As April comes to a close, we join our friends and family in the Autistic community and celebrate the journey that all of us are making toward full inclusion for all people. During Autism Awareness/Acceptance Month, we remember that Autism is a natural part of the life experience, and we can do our part to design and promote spaces, both physical and otherwise, that don’t exclude individuals with different sensory experiences or who process things differently, but instead find ways to better engage and support people in multiple ways. For more information on the best ways to work with autistic co-workers, communities and friends, check out this guide from the Autistic Self Advocacy Network. Finding this middle ground will allow us to provide better support, better communication and better engagement with all people. This effort can only result in the outcome stated by the United Nations, “a world which values, includes, and celebrates all kinds of minds.”
In honor of Autism Awareness Acceptance Month, the children’s show introduced Julia’s family, hoping to take away the isolation some families may feel.
On World Autism Awareness Day (April 2nd) , many neurotypical people show support and spread “autism awareness” for their autistic family members and friends by displaying the puzzle piece ribbon, wearing puzzle piece pins, and put puzzle piece stickers and decals on their car bumpers and windows. But one question is commonly forgotten; what do autistic people themselves think of the puzzle piece symbol?
If you want to upset a self-described Autism Mom, all you have to do is tell her that ABA is abusive. This argument breaks out on social media so many times every single day. Autism is an unusual condition because the community is so sharply divided. On one side you have the neurotypical parents and families of autistic children, and on the other you have the online community of adult autistic people, many of whom are parents to autistic children. The two sides disagree on virtually everything, but arguably the most contentious subject is Applied Behaviour Analysis Therapy.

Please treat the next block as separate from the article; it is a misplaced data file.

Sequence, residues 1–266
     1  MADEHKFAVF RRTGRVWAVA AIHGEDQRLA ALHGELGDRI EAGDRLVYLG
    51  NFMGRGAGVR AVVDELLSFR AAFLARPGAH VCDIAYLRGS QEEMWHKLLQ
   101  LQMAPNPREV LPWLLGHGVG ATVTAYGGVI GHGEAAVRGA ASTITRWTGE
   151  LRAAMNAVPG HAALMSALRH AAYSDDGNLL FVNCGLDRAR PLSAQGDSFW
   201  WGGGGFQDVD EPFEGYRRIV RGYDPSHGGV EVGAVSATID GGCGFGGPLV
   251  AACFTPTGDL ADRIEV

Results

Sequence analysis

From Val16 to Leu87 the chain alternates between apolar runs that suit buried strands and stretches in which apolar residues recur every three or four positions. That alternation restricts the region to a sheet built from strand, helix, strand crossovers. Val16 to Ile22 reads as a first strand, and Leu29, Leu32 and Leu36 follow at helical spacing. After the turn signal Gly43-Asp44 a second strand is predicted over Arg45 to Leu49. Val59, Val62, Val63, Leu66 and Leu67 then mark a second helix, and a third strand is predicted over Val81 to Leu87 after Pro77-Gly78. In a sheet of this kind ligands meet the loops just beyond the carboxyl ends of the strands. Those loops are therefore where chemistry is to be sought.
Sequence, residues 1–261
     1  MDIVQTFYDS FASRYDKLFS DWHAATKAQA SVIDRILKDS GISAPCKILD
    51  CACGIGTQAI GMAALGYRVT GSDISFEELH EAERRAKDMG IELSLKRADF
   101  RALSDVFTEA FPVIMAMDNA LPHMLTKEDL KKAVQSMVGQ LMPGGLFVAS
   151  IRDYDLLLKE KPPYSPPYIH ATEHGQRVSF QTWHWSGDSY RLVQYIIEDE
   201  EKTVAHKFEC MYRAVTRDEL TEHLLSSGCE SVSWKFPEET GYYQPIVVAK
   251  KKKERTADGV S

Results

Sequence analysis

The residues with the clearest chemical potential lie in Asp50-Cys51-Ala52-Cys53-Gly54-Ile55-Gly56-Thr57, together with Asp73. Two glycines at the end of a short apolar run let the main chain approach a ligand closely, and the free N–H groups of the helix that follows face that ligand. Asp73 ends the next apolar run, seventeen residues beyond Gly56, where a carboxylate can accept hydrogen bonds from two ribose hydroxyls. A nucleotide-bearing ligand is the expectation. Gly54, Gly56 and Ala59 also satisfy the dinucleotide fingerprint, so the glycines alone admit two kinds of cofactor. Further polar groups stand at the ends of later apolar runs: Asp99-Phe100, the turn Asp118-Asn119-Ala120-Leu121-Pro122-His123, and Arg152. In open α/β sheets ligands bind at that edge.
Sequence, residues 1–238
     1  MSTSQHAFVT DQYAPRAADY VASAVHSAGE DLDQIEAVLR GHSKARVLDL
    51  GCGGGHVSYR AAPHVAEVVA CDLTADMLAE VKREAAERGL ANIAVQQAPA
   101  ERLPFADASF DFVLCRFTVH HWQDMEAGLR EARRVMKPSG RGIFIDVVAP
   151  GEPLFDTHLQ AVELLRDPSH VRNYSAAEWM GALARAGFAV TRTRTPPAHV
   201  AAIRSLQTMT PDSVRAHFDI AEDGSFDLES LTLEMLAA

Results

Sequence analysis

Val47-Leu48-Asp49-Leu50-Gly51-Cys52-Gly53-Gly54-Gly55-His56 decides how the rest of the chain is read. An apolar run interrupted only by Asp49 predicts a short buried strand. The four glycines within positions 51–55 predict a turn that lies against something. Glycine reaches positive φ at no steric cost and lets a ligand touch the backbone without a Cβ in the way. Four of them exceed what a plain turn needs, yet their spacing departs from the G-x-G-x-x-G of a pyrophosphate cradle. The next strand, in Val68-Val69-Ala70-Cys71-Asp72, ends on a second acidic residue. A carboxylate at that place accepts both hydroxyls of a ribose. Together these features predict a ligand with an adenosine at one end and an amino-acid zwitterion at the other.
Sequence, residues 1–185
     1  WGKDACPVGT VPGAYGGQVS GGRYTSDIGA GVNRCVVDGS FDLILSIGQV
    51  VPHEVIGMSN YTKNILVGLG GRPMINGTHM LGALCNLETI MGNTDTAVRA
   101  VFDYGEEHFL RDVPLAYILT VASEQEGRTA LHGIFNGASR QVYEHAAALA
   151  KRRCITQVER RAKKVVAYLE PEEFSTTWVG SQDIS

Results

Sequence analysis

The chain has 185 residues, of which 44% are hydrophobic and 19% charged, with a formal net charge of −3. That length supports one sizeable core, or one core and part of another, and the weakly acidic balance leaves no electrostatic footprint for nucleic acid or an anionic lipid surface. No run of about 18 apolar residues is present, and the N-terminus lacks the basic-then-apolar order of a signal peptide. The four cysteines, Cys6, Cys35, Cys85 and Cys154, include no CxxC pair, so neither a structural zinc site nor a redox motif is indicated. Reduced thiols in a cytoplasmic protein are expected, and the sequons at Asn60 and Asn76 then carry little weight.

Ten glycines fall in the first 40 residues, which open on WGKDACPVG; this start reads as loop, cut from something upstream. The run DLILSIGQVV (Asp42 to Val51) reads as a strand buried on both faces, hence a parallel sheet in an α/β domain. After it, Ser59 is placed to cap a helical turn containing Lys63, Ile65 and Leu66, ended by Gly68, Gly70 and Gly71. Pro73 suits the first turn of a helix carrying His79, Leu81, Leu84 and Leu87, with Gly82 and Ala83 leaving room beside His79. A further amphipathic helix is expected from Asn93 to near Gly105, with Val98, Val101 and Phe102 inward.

The San Antonio Spurs announced that they will open a new Sensory Room inside the AT&T Center in celebration of World Autism Awareness Day prior to the game vs. the Atlanta Hawks on Tuesday, April 2. The room, designed by nonprofit KultureCity, is located outside of Section 230 on the Balcony Level and will be an oasis for guests at any event in the AT&T Center with sensory needs or sensory-processing issues such as Autism, PTSD, dementia, or anxiety.
Goldman Sachs plans to hire more neurodiverse employees, including people on the autism spectrum | CNN Business
Goldman Sachs is the latest company to target job candidates on the autism spectrum as it looks to boost diversity. The investment bank told employees on Tuesday that it’s launching an eight-week paid internship for individuals with work experience who identify as neurodiverse, which includes those with autism, dyslexia, ADHD, developmental disorders and other mental health conditions. The program, which provides “on-the-desk” work experience in one of Goldman’s divisions in New York, New Jersey and Salt Lake City, is designed to lead to a full-time job at the firm.
AUCD, our members, and partners have used this as an opportunity to share information relating to Autism Spectrum Disorders. The month has traditionally been framed as Autism Awareness Month, and April 2 as World or International Autism Awareness Day. In recent years you may have noticed that AUCD has shifted to include both “Awareness” and “Acceptance” in our April messaging. 2019 marks our full transition to April as Autism Acceptance Month.
April is Autism Acceptance Month, part of a history of campaigns by autistic people and our allies to shift the month’s focus from autism awareness to autism acceptance. In support of this community-wide effort, ASAN has created a dedicated website for Autism Acceptance Month, and provides unique programming every April focused on promoting acceptance and inclusion and changing the dialogue about autism from fear, pity, and tragedy to support, acceptance, and empowerment.